Be Fearful of Religion

15 Nov

by Rabbi Nathan Lopes Cardozo

ויירא ויאמר מה נורא המקום הזה אין זה כי אם בית אלהים וזה שער השמים

And he was frightened, and he said, “How awesome is this place! This is none other than the house of God, and this is the gate of heaven.”

Bereshit 28:17[1]

Being religious is fraught with danger. People are often pulled in directions where they can easily break their necks. To be religious is to allow your neshama (soul) to surpass your body, taking it to places where it cannot dwell and may self-destruct.

Plato’s Mistake

In Plato’s Phaedo, the metaphor used to describe the relationship of the soul to the body is that of a person locked in prison.[2] Platonic philosophy aims at liberating a person from their body, which is a prison. Only in that way can they achieve self-perfection. For Aristotle, although ethics and politics are serious issues, the essence of a person–the very activity that is distinctly human–is intellectual contemplation of eternal truth. The highest human achievement lies in the privacy of a person’s thoughts. Its content has no practical human benefit. The most exalted human being is the philosopher, who must be free of the body’s demands, because they interfere with contemplation.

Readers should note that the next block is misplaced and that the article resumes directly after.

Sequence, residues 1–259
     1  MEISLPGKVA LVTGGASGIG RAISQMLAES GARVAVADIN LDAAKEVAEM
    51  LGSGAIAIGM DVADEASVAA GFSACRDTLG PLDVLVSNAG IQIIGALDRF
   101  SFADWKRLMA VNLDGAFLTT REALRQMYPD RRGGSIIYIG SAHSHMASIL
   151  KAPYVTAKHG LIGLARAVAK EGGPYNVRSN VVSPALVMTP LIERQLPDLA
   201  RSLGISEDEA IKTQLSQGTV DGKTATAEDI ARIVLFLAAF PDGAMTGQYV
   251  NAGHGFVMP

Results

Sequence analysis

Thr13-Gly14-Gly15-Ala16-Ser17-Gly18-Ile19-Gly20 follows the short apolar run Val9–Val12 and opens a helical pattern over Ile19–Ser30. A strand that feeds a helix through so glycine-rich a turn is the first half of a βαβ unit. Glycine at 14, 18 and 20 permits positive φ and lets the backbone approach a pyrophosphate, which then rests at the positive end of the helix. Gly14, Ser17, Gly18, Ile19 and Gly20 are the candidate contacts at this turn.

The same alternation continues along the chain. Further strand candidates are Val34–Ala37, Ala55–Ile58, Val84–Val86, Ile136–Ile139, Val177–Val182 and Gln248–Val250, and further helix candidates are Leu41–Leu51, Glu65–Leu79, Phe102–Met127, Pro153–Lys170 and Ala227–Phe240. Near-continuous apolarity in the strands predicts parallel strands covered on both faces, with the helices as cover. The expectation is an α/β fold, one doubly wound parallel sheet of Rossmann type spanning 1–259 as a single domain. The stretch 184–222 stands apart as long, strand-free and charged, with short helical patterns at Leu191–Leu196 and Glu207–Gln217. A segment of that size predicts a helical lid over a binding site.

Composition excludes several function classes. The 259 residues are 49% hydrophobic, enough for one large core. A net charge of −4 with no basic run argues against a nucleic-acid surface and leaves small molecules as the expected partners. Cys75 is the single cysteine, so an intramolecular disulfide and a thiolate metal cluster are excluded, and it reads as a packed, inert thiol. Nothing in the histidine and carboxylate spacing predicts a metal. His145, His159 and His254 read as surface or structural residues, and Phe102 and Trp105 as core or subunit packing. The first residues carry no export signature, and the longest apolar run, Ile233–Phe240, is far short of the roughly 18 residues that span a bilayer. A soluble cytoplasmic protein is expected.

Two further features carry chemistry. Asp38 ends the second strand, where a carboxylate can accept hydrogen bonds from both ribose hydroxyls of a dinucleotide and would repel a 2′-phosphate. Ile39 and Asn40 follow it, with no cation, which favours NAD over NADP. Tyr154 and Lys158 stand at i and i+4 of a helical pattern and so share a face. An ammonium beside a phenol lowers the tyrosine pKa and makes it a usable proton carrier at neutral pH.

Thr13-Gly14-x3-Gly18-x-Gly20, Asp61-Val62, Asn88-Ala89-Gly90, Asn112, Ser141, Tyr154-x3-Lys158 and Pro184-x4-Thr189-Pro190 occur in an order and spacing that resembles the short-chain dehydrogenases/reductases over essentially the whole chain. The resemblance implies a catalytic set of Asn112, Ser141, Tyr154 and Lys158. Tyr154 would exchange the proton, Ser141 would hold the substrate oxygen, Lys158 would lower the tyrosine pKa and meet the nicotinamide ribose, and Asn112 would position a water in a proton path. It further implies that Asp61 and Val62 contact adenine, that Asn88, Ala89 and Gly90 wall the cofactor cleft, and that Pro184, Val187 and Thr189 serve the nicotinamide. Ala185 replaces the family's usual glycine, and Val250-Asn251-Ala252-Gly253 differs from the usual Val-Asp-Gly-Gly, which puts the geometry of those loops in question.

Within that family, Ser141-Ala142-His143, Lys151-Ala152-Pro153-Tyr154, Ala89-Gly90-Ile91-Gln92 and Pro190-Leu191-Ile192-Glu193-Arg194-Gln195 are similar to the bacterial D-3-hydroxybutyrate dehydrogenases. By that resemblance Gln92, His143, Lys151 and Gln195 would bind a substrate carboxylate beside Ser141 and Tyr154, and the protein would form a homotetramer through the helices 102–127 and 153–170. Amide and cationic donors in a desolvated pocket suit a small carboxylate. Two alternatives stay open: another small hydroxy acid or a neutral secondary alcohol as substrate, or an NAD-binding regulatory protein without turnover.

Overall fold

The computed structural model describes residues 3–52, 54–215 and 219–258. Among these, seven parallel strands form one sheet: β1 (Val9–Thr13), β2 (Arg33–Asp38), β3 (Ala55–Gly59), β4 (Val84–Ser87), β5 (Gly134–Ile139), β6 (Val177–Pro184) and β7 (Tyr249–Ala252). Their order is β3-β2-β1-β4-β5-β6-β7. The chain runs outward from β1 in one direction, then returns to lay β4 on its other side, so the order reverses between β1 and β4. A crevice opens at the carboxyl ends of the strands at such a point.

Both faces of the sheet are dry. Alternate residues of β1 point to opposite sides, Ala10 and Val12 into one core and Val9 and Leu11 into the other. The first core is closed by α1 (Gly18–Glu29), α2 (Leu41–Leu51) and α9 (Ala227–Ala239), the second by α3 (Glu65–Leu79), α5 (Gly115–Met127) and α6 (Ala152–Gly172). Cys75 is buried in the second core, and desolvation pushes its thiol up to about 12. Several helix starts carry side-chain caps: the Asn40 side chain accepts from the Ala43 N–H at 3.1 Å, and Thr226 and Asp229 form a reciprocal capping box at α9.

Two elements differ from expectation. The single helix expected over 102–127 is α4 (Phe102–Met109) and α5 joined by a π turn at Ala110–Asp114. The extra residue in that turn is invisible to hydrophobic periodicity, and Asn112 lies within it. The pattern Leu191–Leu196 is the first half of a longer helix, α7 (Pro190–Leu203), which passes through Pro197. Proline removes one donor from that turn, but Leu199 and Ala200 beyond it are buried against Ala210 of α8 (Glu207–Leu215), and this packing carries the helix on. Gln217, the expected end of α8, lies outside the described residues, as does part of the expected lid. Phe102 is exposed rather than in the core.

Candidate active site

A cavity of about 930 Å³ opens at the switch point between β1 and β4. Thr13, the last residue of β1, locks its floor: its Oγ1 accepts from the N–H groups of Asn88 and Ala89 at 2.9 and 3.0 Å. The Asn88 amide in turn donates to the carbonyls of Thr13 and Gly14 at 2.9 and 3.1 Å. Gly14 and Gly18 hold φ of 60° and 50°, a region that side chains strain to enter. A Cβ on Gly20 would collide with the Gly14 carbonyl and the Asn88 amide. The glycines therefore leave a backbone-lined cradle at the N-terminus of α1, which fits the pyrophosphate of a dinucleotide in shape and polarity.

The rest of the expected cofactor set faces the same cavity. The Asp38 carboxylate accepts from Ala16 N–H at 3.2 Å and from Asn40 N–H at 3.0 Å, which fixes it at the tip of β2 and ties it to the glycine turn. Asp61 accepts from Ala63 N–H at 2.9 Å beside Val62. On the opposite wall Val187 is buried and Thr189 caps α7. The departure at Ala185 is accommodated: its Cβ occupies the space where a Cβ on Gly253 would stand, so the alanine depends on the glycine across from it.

In Judaism, this is not what life is all about. According to biblical thought, the body is not perceived as being in conflict with the soul. It is not an obstacle, but a most welcome companion. Otherwise, what is the purpose of the body? Just to be a nuisance that one would be better off without? Jewish thought holds that it can’t be God’s intention to create the human body simply to deliberately frustrate man. True, the body may sometimes pose challenges, but ultimately this is to allow the complete human being, not just the soul, to grow. The purpose of human beings is not to dwell in Heaven and contemplate, but to act with their bodies and bring Heaven down to the material domain in order to transform the world into a better place. The meaning of life is to be effectively realized by bringing about the interpenetration of the soul and the body.

A Combined Effort

The mind of a human—the custodian of all spiritual and ethical values—is, on its own, incapable of action. On the other hand, all the forces and energy in the body are intrinsically indifferent to ethical or spiritual concepts. Only in a combined effort of mind and body can they build the world. Everything that people do must be able to permeate their thoughts, and everything that people think must find a way into their bodies (Heschel). While this might very well lead to disaster, it can also bring a person to an exalted state of life. This is the task and challenge for which we were created.